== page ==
This article is written by Odile Faludi, Business Development Consultant and a Career Money Life Certified Supplier. You can read the original article on her website.
It’s a tricky subject, conversation. Two egos, two minds, two hearts have a heated debate and head for a collision. How do you find a place of mutual purpose? The place where both sides feel like they are winners. Always remember, “Speak when you are angry and you will make the best speech you will ever regret.” – Ambrose Bierce
Those who are skilled with dialogue will always start with their heart in the right place. That keeps your motive honest and your thoughts on track when speaking. When conversations become crucial most people resort to flight or fight techniques to overcome the stress. They either say absolutely nothing and do everything to avoid the subject or get aggressive and agitated. We all do it. But there is a place in the middle and it is called “mutual purpose” and that’s the sweet spot of all conversations.
Funny, the rich get richer and the really good communicators get even smarter at breaking down barriers. The reason is they are not afraid to work on themselves first in an attempt to be better at saying how they feel. The only person we can continually inspire, poke and change with any degree of success is ourselves.
Brilliant communicators understand the “Genius of the And” – continuity and change can sit together. When sharing ideas there doesn’t have to be a winner or a loser in a conversation. New York Bestselling authors, Patterson, Grenny, McMillian and Switzler in the book, Crucial Conversations explain the important and ever-elusive and. Here’s how this works:
First, clarify what you really want. You’ve got a head start if you’ve already Started with Heart. If you know what you want for yourself then you’re in a position to break out of picking the easy choice by setting up new options. For example, What I want is for my peer to be more reliable. I’m tired of being let down by him and I am left carrying the bulk of the workload.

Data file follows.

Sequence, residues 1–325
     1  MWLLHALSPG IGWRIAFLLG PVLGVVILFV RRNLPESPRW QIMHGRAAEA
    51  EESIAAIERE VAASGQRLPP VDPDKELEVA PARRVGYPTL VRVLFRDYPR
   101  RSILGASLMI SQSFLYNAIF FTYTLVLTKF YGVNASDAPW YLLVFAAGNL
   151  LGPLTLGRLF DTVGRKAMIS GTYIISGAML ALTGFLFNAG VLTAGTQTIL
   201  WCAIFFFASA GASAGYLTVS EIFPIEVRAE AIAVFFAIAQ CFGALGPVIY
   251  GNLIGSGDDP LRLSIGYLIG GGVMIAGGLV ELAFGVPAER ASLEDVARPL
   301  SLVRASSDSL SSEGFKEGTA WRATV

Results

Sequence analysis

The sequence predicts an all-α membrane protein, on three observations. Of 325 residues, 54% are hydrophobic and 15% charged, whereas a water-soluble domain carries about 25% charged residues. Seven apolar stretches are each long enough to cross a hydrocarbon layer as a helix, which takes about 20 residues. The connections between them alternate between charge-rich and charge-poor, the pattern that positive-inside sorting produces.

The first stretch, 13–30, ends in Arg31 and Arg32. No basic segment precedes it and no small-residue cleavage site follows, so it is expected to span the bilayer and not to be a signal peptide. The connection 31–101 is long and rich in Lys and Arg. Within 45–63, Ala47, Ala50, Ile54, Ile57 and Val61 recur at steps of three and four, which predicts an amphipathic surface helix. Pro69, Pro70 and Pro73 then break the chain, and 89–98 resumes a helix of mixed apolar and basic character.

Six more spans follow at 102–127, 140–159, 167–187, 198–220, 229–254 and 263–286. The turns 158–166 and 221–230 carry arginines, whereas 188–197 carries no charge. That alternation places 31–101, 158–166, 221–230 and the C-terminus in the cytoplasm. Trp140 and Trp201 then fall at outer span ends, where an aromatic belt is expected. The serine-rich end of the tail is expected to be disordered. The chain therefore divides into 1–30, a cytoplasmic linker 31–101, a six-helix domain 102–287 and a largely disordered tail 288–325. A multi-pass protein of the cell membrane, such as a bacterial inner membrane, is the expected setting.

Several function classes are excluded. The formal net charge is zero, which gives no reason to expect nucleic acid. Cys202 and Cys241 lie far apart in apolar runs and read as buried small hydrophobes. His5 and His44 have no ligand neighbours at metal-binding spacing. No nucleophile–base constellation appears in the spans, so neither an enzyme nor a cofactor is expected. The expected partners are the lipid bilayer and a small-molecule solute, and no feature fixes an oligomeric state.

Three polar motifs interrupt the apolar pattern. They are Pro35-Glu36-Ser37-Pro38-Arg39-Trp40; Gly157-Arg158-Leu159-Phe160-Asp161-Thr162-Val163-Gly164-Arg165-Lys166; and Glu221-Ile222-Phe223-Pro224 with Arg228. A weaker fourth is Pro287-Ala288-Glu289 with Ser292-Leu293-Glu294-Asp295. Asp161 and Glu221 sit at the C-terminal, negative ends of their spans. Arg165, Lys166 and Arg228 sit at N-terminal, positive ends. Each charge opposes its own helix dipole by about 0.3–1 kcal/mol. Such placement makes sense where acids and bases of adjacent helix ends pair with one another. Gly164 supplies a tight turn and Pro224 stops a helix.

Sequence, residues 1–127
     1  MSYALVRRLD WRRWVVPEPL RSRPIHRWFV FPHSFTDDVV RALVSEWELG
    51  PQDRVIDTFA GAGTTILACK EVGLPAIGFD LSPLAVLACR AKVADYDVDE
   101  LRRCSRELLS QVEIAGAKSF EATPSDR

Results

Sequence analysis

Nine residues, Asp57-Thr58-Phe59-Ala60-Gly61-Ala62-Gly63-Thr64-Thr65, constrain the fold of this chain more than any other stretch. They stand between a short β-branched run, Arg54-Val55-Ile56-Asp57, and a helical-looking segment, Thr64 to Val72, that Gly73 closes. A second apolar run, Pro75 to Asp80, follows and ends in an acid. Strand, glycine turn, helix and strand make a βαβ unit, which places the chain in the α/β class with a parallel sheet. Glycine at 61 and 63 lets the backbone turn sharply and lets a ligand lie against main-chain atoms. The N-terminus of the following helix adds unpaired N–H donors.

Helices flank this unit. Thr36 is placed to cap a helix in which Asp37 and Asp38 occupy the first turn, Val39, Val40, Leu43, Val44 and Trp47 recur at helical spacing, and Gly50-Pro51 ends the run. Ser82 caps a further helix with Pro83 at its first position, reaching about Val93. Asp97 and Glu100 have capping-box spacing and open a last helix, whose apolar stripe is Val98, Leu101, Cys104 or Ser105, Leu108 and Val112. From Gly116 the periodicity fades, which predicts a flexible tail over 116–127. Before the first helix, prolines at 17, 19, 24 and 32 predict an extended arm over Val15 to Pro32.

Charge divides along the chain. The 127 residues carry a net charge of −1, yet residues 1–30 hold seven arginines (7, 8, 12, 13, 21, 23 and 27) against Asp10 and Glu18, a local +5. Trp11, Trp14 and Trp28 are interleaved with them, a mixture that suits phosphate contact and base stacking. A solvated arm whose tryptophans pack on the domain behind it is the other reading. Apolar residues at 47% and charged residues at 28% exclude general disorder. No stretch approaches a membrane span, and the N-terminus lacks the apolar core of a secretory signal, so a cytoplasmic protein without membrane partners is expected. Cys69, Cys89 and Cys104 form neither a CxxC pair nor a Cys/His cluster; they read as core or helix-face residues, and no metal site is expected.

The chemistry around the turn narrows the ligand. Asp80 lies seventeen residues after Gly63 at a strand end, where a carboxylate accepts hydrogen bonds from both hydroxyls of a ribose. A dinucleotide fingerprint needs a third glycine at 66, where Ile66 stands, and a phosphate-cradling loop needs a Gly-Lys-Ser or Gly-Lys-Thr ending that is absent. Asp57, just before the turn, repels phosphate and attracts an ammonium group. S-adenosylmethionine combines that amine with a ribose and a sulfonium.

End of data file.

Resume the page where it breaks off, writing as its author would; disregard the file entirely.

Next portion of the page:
Second, clarify what you really don’t want. This is the key to framing the “and” question. Think of what you are afraid will happen to you if you back away from your current strategy of trying to win or stay safe. What bad thing will happen if you stop pushing so hard? What horrible outcome makes game playing an attractive and sensible option? What I don’t want is to have a useless and heated conversation that creates bad feelings and doesn’t lead to change.
Third, combine what you really want and what you really don’t want into a question that forces you to search for more creative and productive possibilities than resorting to silence or violence. “How can I have a candid conversation with my peer about being more dependable and avoid creating bad feelings of wasting our time.” Is there a way to tell your peer your real concerns and not insult or offend them?
Therefore, clarify what you don’t want, add it to what you do want, and ask your brain to start searching for healthy options to bring you to dialogue. Robert Fritz says, “We learn how to do something truly new only through doing it, then adjusting.” It requires creative thinking. If all else fails, and if in doubt and you cannot get your brain into gear to work out what to say remember ‘speech is silver; silence is golden.’
Finally, special is a word that often pops up when people are having conversations that start with heart. Special is a word that is used to describe something one of a kind, like a hug or a sunset or a person who spreads love, with a smile or kind gesture. Special describes people who act from the heart and keep in mind the hearts of others. Is special the word people would use to describe you?